The stage is set for a showdown in the high-stakes and controversial world of blocking access to websites offering otherwise legal content on the internet, writes Peter Menzies in the Financial Post. Below is an excerpt from the article, which can be read in full here.
By Peter Menzies, March 17, 2021
Freshly appointed Ontario gambling boss Birgitte Sand will have to play her cards right if she wants to keep the province from going bust at the regulatory blackjack table.
Sand, former head of the Danish Gambling Authority, has a history of protecting licensed companies from unlicensed offshore competition — which is exactly what the Ford government needs as, wisely, it moves to open the province’s online gambling business to private-sector competition. She was appointed earlier this month to flesh out Ontario’s plan to privatize online gambling, which also means licensing it, regulating it and — somehow — keeping the money earned by a booming industry inside the provincial cage.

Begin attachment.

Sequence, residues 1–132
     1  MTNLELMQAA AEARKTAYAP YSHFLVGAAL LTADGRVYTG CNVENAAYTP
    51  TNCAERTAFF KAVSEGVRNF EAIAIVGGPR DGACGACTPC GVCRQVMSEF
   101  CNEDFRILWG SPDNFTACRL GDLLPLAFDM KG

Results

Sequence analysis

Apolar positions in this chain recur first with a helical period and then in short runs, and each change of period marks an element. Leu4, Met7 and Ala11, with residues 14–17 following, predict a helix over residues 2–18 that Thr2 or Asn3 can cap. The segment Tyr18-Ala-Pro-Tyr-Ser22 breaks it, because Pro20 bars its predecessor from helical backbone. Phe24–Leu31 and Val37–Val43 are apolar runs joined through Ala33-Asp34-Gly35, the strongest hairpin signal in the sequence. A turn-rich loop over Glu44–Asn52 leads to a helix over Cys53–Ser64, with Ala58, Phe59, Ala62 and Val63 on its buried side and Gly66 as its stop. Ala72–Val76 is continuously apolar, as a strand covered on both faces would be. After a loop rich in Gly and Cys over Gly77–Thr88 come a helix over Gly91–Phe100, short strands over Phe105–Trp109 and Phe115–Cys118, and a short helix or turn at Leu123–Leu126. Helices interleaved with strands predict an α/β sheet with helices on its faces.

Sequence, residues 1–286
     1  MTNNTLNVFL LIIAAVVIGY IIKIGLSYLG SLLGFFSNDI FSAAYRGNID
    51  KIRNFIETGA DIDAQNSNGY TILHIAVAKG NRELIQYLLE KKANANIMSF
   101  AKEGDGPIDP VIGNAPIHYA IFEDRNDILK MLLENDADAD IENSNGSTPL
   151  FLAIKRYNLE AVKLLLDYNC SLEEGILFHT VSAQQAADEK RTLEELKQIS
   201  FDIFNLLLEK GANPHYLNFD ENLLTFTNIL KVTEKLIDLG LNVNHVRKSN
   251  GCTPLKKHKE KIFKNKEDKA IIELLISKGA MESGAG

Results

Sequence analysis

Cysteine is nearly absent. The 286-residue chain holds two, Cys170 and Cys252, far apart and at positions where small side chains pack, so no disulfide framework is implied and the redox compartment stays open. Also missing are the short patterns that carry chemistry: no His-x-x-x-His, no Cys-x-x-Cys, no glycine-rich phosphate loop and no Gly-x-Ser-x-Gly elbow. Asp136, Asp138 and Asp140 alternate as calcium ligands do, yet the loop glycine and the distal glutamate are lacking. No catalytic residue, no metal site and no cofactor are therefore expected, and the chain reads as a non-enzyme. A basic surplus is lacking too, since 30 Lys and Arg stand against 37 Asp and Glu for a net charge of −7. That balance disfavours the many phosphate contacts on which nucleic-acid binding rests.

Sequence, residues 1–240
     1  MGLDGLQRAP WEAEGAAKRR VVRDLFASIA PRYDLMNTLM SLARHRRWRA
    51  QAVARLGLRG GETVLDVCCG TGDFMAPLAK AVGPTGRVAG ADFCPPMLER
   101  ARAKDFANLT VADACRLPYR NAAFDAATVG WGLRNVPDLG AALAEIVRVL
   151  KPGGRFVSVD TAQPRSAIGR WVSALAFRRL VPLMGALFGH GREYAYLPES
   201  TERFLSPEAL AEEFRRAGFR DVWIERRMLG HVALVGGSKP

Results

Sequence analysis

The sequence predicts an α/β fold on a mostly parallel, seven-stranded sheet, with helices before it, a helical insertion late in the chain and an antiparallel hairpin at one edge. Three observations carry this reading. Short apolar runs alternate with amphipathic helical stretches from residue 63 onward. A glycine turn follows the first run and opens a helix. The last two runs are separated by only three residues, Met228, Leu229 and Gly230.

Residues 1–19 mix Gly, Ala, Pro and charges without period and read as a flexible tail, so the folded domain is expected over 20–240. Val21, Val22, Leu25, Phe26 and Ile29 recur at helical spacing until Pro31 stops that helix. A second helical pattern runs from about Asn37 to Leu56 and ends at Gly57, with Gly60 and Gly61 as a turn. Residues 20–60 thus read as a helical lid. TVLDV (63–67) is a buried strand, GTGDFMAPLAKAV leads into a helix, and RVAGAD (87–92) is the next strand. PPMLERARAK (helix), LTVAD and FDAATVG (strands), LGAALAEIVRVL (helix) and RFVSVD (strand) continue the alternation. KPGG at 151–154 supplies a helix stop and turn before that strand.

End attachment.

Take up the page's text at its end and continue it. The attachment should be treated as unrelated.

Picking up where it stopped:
That, in turn, sets the stage for a showdown in the high-stakes and controversial world of blocking access to websites offering otherwise legal content on the internet. Sand certainly has the skills required for that part of the job. Two years ago, she won a landmark case when a Copenhagen court upheld an order forcing Denmark’s internet companies to block access to 25 foreign-based gambling websites competing against the country’s approved providers. This is exactly the sort of thing Ontario will be looking to do.
“We use our authority to block websites on an ongoing basis,” Sand said following the March 25, 2019 ruling. “We do this to protect the operators who do have a license to offer gambling in Denmark. But we also do so to protect the players.” And, of course, the treasury.
Sand’s ability to replicate that success will be of immense interest to provincial governments hoping to secure their digital borders and the revenue they reap from gambling. Still others will be watching to see whether her influence might also lead to a change in Canadian behaviour when it comes to cracking down on pirated content. Danish internet companies now work collectively to voluntarily block websites once one of them is ordered by a court to do so — a disposition that, based on past behaviour, Canadian operators are disinclined to adopt.
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